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MVP Erland Explores SQL Server Performance Concepts

| by Roopesh Shenoy Follow 0 Followers on Jul 13, 2011. Estimated reading time: 1 minute |

In a recent article, Slow in the Application, Fast in SSMS?, SQL Server MVP, Erland Sommarskog, explores the various things that affect Query Plan, compilation of Dynamic SQL and other things that ultimately affect your SQL Server Database Performance. He covers various concepts and scenarios like parameter sniffing, query plan caching, Blocking, saved settings, issues with linked servers and more.

Some interesting quotes from the article -

The parameter values of the first execution of the procedure have a huge impact for subsequent executions. If this first set of values for some reason is atypical, the cached plan may not be optimal for future executions. This is why parameter sniffing is such a big deal.

Occasionally, I see people in the forums or the newsgroups that tell me that their stored procedure is slow, but when they run the same query outside the procedure it's fast.To troubleshoot the query on its own, they have replaced the variables with constants. But as we have seen, the resulting stand-alone query is quite different, and SQL Server can make more accurate estimates with constants instead of variables, and therefore arrive at a better plan.

(For linked servers) what matters is the permissions on the remote server, not the local server where the query runs. Also, the problem is specific when the linked server is another SQL Server instance, and the same problem may not appear when the linked server is Oracle, MySQL or Access.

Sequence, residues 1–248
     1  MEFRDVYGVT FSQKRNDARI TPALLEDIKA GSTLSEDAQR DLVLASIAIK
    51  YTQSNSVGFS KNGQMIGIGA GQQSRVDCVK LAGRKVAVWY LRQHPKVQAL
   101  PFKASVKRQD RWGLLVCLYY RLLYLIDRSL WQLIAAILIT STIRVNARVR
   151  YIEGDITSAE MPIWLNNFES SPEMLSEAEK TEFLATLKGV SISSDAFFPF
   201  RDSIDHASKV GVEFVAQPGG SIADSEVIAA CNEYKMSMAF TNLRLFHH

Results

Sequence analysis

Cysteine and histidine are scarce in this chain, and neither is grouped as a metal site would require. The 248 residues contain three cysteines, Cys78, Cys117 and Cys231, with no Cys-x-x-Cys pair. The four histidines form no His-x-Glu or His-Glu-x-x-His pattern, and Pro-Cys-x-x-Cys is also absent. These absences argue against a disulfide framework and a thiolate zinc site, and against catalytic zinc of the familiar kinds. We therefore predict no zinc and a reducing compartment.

The article also explains the various ways to locate bottlenecks and potential problems as well as the related SQL queries -

  • Getting Query Plans and Parameters from within Management Studio
  • Getting them directly from the Query Cache
  • Getting them from a Trace
  • Getting Table and index definitions
  • Finding information about statistics

Erland also lists out various ways to fix parameter-sniffing issues like forcing recompilation, reviewing indexing, using OPTIMIZE FOR and finally just fixing Bad SQL, which could apply in different scenarios.

Finally, the article covers Dynamic SQL and how similar principles affect the performance for Dynamic SQL queries. This is an article definitely worth reading for everyone who works with SQL Server, developers and DBAs alike. 

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